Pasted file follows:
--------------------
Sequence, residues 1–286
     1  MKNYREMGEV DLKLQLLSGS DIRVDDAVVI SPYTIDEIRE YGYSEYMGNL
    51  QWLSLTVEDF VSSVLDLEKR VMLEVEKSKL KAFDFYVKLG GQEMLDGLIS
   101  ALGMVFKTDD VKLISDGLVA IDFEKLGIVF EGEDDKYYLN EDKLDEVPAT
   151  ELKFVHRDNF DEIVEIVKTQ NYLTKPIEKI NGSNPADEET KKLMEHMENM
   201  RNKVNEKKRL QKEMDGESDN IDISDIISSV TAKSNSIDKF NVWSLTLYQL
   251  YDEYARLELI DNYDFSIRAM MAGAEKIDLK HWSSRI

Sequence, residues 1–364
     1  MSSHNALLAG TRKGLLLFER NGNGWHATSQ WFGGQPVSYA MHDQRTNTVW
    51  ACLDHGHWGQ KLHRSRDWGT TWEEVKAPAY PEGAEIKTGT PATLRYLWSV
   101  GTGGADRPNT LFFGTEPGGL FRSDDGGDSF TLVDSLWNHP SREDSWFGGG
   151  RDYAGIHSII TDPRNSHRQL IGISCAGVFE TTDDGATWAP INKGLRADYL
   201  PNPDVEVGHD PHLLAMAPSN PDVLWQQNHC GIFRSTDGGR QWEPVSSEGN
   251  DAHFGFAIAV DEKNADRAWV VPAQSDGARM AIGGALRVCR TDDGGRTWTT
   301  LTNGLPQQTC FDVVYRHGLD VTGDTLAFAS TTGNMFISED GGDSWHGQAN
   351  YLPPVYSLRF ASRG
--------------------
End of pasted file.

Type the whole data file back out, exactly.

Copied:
Sequence, residues 1–286
     1  MKNYREMGEV DLKLQLLSGS DIRVDDAVVI SPYTIDEIRE YGYSEYMGNL
    51  QWLSLTVEDF VSSVLDLEKR VMLEVEKSKL KAFDFYVKLG GQEMLDGLIS
   101  ALGMVFKTDD VKLISDGLVA IDFEKLGIVF EGEDDKYYLN EDKLDEVPAT
   151  ELKFVHRDNF DEIVEIVKTQ NYLTKPIEKI NGSNPADEET KKLMEHMENM
   201  RNKVNEKKRL QKEMDGESDN IDISDIISSV TAKSNSIDKF NVWSLTLYQL
   251  YDEYARLELI DNYDFSIRAM MAGAEKIDLK HWSSRI

Sequence, residues 1–364
     1  MSSHNALLAG TRKGLLLFER NGNGWHATSQ WFGGQPVSYA MHDQRTNTVW
    51  ACLDHGHWGQ KLHRSRDWGT TWEEVKAPAY PEGAEIKTGT PATLRYLWSV
   101  GTGGADRPNT LFFGTEPGGL FRSDDGGDSF TLVDSLWNHP SREDSWFGGG
   151  RDYAGIHSII TDPRNSHRQL IGISCAGVFE TTDDGATWAP INKGLRADYL
   201  PNPDVEVGHD PHLLAMAPSN PDVLWQQNHC GIFRSTDGGR QWEPVSSEGN
   251  DAHFGFAIAV DEKNADRAWV VPAQSDGARM AIGGALRVCR TDDGGRTWTT
   301  LTNGLPQQTC FDVVYRHGLD VTGDTLAFAS TTGNMFISED GGDSWHGQAN
   351  YLPPVYSLRF ASRG